When schools eliminate test scores, they instruct their college admissions teams to look at other factors with greater scrutiny and weight. Even still, submitting test scores provides admissions officers with the ability to make distinctions among students with less subjectivity.

Benefits of Standardized Testing

The ACT and SAT do still matter, and colleges will continue to look at standardized test scores as a part of a student’s application. These assessments are a way for schools to set parameters of acceptance that keep their incoming classes high performing, capable, and ultimately, successful.

The benefits of standardized testing are that they encourage objectivity, comparability, and accountability. One of the ways to be completely objective is to develop a neutral and impartial assessment measure that everyone must take. The SAT and ACT have both been developed over time by non-profit organizations who aimed specifically to address concerns of college admissions.

Tests from placed on a table with pencil and an eraser.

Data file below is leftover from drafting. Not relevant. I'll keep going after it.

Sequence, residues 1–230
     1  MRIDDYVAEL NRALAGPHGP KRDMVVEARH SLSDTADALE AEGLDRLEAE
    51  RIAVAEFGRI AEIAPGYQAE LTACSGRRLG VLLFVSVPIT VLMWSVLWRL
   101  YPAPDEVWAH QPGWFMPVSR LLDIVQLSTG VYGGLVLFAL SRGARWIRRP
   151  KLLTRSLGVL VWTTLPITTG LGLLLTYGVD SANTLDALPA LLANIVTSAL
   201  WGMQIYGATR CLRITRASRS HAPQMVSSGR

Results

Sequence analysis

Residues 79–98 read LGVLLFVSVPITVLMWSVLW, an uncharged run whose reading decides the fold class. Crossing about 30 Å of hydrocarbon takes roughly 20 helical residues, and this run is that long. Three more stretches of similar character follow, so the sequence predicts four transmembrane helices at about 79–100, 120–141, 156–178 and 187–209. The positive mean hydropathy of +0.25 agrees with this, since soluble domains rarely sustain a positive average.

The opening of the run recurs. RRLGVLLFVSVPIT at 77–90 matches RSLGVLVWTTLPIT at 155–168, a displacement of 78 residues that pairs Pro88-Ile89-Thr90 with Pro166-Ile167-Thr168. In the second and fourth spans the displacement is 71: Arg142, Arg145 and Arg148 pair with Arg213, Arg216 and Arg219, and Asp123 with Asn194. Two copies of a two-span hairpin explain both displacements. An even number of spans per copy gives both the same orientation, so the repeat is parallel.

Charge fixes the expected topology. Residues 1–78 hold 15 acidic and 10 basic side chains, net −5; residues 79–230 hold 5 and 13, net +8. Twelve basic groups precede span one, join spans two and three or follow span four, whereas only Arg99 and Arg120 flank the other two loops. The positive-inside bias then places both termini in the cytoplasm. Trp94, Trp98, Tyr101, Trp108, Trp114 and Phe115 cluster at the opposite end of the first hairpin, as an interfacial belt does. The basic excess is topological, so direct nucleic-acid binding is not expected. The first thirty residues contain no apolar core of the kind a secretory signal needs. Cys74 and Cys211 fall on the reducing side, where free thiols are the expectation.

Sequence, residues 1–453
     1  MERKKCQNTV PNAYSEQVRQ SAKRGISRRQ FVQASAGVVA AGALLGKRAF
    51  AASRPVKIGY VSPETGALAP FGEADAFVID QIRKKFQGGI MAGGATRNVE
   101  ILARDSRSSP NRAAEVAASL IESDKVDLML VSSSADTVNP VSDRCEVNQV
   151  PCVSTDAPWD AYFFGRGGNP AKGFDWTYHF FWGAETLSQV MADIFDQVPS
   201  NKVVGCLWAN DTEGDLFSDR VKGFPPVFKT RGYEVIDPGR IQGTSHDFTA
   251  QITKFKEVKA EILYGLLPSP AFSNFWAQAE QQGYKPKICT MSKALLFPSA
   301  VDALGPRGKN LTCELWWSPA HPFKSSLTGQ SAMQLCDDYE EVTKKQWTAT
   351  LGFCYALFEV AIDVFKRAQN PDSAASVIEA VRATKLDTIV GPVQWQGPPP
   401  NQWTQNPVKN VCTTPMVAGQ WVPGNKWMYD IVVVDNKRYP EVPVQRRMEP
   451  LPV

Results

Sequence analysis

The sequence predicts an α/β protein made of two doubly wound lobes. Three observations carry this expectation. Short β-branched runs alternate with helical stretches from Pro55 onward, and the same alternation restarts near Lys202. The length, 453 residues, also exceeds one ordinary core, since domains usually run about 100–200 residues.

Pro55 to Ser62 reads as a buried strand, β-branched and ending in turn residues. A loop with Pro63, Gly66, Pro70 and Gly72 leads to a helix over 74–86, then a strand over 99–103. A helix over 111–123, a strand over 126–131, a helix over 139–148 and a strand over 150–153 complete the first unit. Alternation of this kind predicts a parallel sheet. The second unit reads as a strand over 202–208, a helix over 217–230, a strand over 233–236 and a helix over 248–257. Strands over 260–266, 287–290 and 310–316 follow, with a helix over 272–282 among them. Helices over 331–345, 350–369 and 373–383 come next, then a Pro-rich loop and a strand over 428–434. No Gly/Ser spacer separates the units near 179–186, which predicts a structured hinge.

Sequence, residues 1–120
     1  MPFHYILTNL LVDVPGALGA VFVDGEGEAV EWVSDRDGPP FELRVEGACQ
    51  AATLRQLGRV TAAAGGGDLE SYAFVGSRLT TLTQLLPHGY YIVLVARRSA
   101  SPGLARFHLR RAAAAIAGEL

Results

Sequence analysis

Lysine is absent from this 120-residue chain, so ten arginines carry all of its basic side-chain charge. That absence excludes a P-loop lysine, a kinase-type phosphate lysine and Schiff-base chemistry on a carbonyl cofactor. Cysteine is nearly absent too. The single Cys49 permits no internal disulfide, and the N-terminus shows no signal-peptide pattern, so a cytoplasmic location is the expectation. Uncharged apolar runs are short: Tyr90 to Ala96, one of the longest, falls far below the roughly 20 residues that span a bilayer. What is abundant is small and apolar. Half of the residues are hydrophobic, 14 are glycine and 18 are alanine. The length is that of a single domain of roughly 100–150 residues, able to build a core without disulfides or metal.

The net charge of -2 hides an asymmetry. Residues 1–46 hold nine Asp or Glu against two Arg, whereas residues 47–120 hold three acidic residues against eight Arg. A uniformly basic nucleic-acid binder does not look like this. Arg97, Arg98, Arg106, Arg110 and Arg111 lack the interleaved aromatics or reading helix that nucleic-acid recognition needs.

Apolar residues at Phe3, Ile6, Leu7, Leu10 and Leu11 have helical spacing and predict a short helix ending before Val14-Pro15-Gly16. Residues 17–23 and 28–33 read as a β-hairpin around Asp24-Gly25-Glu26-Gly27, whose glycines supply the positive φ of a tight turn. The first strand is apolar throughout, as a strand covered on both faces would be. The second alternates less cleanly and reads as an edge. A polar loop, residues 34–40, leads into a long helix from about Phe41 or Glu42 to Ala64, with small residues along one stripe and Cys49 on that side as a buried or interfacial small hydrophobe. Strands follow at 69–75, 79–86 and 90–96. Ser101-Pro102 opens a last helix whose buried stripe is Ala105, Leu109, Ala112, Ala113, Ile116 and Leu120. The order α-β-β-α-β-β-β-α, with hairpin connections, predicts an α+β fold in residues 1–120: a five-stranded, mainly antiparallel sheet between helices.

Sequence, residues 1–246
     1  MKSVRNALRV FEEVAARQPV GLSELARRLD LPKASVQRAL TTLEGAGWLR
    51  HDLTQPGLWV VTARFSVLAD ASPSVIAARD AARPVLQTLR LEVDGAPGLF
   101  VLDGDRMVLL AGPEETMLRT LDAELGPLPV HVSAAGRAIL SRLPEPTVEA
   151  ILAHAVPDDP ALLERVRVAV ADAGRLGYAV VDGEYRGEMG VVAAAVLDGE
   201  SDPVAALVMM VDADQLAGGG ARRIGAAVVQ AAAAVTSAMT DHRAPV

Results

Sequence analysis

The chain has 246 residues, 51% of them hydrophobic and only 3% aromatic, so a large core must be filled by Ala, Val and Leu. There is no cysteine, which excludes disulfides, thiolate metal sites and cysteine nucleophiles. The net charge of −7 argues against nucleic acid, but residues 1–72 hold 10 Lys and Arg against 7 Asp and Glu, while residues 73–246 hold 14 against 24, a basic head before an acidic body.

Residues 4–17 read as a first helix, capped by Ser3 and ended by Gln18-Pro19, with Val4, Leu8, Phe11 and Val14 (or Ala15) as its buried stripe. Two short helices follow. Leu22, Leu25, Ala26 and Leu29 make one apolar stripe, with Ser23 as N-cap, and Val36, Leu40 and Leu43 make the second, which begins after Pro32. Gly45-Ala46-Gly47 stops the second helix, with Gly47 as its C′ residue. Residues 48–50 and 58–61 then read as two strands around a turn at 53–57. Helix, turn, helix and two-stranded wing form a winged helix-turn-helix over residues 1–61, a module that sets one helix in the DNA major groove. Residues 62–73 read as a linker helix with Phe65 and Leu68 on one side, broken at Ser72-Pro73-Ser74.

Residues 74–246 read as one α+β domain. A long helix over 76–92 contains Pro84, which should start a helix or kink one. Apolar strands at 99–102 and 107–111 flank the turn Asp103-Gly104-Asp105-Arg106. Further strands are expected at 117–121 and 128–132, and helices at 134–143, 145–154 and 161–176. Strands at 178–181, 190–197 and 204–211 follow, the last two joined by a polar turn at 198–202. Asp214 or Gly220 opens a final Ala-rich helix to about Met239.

While other schools have tried to develop their own entrance exams and admissions measures, the SAT and ACT have both withstood the competition and remain the most used assessment for colleges and scholarship programs.

The SAT and ACT gives the same assessment to all students in a given year making it easy to compare every student’s performance. While there is some differentiation in quality of education and access to test prep prior to testing, students can all reasonably demonstrate their academic proficiency with enough reliability to predict how they will perform over four years.

There are even options for retakes if initial scores are not satisfactory. Considering how different the admissions process is from school to school, the SAT and ACT may be the most objective and easy to compare factor of every student’s application.

At the same time, the importance of standardized testing lies in its ability to engage with accountability for all stakeholders. The scores are an opportunity for students to demonstrate their learning and skills along with their ability to test well. Test scores are also a chance for secondary schools to monitor how their graduating students perform after four years of high school instruction.

They also give admissions officers the opportunity to initiate different plans to strategically admit students from a variety of diverse backgrounds into their incoming classes. The test scores hold everyone accountable to a certain level of performance across an infinite number of circumstances and situations.

Future of Standardized Testing